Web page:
I work in the science behind nutrition and one of the first things you learn is that a huge amount of nutrients with your food goes down the drain when you throw out the cooking water. In the water you use to cook broccoli, chickpeas, tomato, basically any vegetable, you will find a significant fraction of the vitamis as well as some carbohydrates and fats.
I once read something about a "perpetual stew", a stew that people in the Middle Ages were keeping all year long on the fire. Whenever you needed to cook something in water, you threw it in the stew: not only it added the flavor of the stew to your meal, it also changed the taste of the stew.
I like this concept, and I was thinking that each time I cook something in boiling water, I could save that water to prevent wasting all the nutrients it contains (and likely pesticids, too, but that's another story). Keeping something on the gas at all times is a crazy ideas in this day and age, and unrealizable in my apartment. But I was thinking of buying a big jar and keeping it in the fridge at all times, fillied with the broth from whatever I cook (mostly vegetables and starchy foods, the idea of putting meat in a perpetual stew grosses me out a little bit). I would fill up the jar with the water while it's still hot, and immediately close it.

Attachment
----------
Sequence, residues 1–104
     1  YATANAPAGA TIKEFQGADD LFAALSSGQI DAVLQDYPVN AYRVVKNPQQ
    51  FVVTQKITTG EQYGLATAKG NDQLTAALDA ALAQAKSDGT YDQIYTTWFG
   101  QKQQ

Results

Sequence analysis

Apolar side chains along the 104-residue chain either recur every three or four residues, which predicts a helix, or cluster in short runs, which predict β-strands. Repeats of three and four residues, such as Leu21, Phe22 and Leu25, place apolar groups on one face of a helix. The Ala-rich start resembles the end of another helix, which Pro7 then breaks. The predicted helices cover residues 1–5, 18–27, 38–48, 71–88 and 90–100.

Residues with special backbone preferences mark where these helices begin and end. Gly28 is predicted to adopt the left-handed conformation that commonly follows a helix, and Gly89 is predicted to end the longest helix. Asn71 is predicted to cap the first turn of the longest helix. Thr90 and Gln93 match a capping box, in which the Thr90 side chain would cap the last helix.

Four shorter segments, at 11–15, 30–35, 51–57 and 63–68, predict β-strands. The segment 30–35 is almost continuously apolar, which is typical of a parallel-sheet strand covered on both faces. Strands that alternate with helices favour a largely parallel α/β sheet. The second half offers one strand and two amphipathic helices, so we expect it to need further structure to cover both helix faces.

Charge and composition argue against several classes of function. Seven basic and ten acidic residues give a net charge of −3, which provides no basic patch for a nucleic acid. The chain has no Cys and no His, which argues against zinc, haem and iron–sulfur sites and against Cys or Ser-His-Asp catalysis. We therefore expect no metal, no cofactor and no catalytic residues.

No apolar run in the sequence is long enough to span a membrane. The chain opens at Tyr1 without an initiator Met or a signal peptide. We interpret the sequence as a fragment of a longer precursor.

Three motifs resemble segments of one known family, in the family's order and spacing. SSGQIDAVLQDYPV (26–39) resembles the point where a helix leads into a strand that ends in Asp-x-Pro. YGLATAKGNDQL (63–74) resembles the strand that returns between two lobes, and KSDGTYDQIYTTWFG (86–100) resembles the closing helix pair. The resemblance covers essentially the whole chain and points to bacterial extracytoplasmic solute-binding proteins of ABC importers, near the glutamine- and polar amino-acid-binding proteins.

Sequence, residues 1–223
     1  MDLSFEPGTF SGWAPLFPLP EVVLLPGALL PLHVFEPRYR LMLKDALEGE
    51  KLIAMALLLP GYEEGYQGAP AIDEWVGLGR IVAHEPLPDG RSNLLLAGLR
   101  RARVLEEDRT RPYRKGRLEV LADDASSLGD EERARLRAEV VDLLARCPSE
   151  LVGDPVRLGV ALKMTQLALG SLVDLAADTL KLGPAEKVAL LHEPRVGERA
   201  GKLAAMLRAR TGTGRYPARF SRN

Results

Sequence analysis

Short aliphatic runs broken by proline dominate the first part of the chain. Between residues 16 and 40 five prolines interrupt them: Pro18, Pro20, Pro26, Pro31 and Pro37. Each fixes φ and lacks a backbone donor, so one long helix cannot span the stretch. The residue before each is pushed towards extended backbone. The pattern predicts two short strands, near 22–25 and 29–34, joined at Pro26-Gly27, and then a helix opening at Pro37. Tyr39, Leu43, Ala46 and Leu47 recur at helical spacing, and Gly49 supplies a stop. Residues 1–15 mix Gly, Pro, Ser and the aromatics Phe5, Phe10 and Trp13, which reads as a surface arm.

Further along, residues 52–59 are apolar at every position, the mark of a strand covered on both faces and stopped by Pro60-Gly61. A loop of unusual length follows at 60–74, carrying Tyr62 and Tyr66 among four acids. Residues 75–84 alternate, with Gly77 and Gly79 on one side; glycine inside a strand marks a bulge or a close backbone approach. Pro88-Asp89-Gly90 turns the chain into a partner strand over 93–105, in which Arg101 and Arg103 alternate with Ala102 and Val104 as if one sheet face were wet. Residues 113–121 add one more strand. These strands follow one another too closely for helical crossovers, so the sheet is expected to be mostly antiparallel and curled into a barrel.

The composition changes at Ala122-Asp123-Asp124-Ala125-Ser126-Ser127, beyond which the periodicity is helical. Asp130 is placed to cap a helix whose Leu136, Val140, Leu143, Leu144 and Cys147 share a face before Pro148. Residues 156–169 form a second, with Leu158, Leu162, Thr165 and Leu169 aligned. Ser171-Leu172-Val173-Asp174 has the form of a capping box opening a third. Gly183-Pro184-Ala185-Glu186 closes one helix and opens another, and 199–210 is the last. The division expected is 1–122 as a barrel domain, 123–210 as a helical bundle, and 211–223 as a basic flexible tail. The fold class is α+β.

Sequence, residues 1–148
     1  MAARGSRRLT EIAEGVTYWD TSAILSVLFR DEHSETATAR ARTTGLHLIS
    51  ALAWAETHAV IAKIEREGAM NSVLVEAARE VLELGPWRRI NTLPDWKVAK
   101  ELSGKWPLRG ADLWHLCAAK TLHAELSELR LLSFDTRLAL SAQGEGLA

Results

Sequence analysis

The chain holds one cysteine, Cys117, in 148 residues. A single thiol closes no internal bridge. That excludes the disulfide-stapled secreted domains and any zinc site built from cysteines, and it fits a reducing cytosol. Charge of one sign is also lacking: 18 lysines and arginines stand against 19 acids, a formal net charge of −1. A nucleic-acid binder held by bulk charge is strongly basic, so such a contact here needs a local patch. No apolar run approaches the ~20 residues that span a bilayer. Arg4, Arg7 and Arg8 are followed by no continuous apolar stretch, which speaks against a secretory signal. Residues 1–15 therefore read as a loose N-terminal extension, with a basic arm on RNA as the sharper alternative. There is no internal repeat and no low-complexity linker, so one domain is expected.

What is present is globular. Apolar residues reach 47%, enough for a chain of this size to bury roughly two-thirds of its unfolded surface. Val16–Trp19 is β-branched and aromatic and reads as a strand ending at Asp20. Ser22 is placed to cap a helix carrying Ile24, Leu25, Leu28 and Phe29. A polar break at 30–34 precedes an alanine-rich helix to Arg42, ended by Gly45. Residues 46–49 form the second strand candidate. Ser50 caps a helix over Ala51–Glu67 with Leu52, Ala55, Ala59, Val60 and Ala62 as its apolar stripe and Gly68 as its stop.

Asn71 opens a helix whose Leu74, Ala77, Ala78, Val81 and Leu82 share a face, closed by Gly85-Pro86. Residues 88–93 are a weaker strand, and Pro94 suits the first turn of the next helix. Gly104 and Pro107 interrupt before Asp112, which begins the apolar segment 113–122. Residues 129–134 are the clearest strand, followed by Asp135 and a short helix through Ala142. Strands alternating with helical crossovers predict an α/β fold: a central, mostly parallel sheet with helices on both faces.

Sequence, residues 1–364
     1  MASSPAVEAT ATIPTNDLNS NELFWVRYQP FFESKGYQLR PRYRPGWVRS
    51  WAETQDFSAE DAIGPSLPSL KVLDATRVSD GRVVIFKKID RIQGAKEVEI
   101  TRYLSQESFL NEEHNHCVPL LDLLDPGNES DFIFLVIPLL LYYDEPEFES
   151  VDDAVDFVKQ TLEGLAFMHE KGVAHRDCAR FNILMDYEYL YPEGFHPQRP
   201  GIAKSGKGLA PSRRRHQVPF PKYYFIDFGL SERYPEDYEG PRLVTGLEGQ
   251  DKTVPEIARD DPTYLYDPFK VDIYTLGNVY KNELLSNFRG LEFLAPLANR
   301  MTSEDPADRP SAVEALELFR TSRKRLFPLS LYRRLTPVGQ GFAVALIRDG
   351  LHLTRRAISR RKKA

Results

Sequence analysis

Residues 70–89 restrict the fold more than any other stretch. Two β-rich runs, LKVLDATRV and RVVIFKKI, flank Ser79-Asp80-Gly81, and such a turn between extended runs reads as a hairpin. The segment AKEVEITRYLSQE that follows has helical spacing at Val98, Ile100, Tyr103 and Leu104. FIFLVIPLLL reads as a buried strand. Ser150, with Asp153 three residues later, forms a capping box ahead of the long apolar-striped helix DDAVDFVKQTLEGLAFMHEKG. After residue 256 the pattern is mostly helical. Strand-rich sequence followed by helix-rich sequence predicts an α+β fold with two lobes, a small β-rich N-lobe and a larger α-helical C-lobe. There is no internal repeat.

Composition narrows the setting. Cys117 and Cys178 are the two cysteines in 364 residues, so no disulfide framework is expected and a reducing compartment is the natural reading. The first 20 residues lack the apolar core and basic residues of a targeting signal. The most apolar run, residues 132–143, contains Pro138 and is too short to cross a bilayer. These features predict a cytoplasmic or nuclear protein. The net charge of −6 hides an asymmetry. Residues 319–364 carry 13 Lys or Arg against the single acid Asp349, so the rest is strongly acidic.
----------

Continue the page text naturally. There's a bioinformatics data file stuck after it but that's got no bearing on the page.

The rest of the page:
Do you think it's a good idea? Would it improve the taste of my food in addition to increase its nutritional value? And would keeping it in the fridge be enough to prevent contamination and bacterial/fungi growth?